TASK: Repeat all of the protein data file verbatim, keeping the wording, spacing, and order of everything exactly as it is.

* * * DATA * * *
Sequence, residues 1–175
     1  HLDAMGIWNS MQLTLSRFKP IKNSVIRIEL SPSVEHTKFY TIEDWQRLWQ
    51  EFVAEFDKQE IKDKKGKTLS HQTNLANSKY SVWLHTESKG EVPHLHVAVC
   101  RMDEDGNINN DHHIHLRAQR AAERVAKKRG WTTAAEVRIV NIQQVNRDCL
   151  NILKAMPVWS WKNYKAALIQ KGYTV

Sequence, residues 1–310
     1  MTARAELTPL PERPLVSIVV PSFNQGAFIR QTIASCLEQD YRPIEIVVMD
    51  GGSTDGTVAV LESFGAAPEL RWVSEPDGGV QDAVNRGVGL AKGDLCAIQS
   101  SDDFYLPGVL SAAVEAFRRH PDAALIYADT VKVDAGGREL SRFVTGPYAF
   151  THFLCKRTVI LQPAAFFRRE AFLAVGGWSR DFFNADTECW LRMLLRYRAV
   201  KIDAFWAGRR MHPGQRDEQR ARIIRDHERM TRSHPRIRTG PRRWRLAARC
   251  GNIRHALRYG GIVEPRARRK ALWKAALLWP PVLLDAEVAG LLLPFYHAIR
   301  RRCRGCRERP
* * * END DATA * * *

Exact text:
Sequence, residues 1–175
     1  HLDAMGIWNS MQLTLSRFKP IKNSVIRIEL SPSVEHTKFY TIEDWQRLWQ
    51  EFVAEFDKQE IKDKKGKTLS HQTNLANSKY SVWLHTESKG EVPHLHVAVC
   101  RMDEDGNINN DHHIHLRAQR AAERVAKKRG WTTAAEVRIV NIQQVNRDCL
   151  NILKAMPVWS WKNYKAALIQ KGYTV

Sequence, residues 1–310
     1  MTARAELTPL PERPLVSIVV PSFNQGAFIR QTIASCLEQD YRPIEIVVMD
    51  GGSTDGTVAV LESFGAAPEL RWVSEPDGGV QDAVNRGVGL AKGDLCAIQS
   101  SDDFYLPGVL SAAVEAFRRH PDAALIYADT VKVDAGGREL SRFVTGPYAF
   151  THFLCKRTVI LQPAAFFRRE AFLAVGGWSR DFFNADTECW LRMLLRYRAV
   201  KIDAFWAGRR MHPGQRDEQR ARIIRDHERM TRSHPRIRTG PRRWRLAARC
   251  GNIRHALRYG GIVEPRARRK ALWKAALLWP PVLLDAEVAG LLLPFYHAIR
   301  RRCRGCRERP